The Java EE 6 Tutorial, Volume I

Working with Security Roles

In an application, a role is an abstract name for a group of users. A role can be compared to a key that can open a lock. Many people might have a copy of the key. The lock doesn’t care who you are, only that you have the right key.

For example, in a corporation, you might have the roles Director, Manager, HR, and Employee. When an application developer is creating an internal payroll website, the developer would use the same set of data for all of its corporate users, but would allow different access to the data depending on the role the user is in. For example, a person in the role of HR would have permission to create new Employees, and to modify the payroll information for Employees. The Employee would be able to view their own payroll information, but would not be able to change some of the data, such as their pay rate, but could change some other data, such as their address or dependent information. The users' assigned role determines what permissions that user is granted for access to a particular set of resources in an application.

The following elements in a deployment descriptor use security roles in some capacity:

Reviewing Security Concepts

If you read Working with Realms, Users, Groups, and Roles, you will remember the following information:

Declaring Security Roles

You can declare security role names used in web applications using the security-role element of the deployment descriptor. Use this element to list all of the security roles that you have referenced in your application, and also in conjunction with the security-role-ref element (see Declaring and Linking Role References.)

The following snippet of a deployment descriptor is taken from the simple sample application. This snippet declares the roles that will be used in the application using the security-role element, and specifies which of these roles is authorized to access protected resources using the auth-constraint element.

        <web-resource-name>Protected Area</web-resource-name>

 <!-- Security roles used by this web application -->

In this example, the security-role element lists all of the security roles used in the application: manager and employee. This enables the deployer to map all of the roles defined in the application to users and groups defined on the Enterprise Server.

The auth-constraint element specifies the role, manager, that can access the HTTP methods PUT, DELETE, GET, POST located in the directory specified by the url-pattern element (/jsp/security/protected/*).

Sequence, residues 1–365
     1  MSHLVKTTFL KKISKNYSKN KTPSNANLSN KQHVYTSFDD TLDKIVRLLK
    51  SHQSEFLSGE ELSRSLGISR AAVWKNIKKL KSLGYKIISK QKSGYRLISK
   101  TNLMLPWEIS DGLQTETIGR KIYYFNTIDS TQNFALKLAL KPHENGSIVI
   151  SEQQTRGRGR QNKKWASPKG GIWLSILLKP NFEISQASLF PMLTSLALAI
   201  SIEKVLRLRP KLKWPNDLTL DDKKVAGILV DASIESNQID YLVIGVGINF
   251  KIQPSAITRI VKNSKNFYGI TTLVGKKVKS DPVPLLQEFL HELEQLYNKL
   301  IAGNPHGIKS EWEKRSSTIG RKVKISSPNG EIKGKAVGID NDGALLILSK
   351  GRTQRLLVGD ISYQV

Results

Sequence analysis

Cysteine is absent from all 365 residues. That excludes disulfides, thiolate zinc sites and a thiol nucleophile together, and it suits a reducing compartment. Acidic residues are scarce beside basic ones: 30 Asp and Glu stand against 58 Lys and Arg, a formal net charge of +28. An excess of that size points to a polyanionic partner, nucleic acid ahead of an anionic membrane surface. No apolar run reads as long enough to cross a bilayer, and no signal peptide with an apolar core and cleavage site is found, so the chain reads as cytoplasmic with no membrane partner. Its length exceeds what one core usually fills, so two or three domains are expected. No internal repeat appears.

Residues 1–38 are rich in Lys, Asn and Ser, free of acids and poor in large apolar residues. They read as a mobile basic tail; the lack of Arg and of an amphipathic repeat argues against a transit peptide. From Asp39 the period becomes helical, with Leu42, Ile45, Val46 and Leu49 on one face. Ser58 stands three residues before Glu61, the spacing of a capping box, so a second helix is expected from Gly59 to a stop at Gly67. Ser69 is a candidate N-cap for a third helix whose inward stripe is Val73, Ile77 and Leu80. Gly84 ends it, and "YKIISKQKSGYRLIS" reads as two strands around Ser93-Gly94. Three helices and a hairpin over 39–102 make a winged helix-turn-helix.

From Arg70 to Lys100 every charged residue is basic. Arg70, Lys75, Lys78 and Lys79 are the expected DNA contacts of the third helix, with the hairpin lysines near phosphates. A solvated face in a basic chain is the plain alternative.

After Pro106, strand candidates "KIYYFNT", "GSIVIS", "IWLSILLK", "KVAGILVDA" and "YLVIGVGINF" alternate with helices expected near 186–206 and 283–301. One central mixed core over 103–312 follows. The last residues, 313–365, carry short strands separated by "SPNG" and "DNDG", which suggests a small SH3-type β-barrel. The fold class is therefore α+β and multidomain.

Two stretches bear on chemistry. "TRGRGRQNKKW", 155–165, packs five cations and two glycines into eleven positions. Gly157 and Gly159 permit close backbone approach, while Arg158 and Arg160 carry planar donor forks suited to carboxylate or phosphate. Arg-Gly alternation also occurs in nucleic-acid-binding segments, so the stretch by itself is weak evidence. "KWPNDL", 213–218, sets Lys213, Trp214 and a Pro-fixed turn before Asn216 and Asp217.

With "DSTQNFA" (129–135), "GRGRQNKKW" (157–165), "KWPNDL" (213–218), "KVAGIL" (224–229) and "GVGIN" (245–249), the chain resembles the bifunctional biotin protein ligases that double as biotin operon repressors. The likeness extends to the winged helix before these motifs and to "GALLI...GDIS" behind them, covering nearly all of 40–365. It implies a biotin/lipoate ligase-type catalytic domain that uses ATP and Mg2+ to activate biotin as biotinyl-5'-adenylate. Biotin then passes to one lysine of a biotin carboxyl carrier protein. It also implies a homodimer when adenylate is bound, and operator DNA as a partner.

Mapping Security Roles to Enterprise Server Groups

To map security roles defined in applications to Enterprise Server principals and groups, use the security-role-mapping element in the runtime deployment descriptor (DD). The runtime deployment descriptor is different from the application deployment descriptor file. The runtime deployment descriptor is an XML file that contains information such as the context root of the web application and the mapping of the portable names of an application’s resources to the Enterprise Server resources. The Enterprise Server web application runtime DD is located in the /WEB-INF/ directory along with the web application deployment descriptor. Runtime deployment descriptors are named sun-web.xml, sun-application.xml, or sun-ejb-jar.xml.

The following example demonstrates how to do this mapping in the sun-web.xml file, which is the file used for web applications:






A role can be mapped to specific principals, specific groups, or both. The principal or group names must be valid principals or groups in the current default realm, or in the realm specified in the login-config element. In this example, the role of CEO that is used in the application is mapped to a principal named Schwartz that exists on the application server. Mapping a role to a specific principal is useful when the person occupying that role may change. For this application, you would only need to modify the runtime deployment descriptor and not search and replace throughout the application for references to this principal.

Also in this example, the role of Admin is mapped to a group of users who are assigned the group name of director. This is useful because the group of people authorized to access director-level administrative data only has to be maintained on the Enterprise Server. The application developer does not need to know who these people are, just define the group of people who will be given access to the information.

The role-name must match the role-name in the security-role element of the corresponding application deployment descriptor (web.xml, ejb-jar.xml) or the role name defined in an @DeclareRoles annotation.

Sometimes the role names used in the application are the same as the group names defined on the Enterprise Server. Under these circumstances, you can use the Admin Console to define a default principal-to-role-mapping that applies to the entire Enterprise Server instance. From the Admin Console, select Configuration, then Security, then check the Enable box beside Default Principal to Role Mapping. For more information, read the Sun GlassFish Enterprise Server v3 Administration Guide.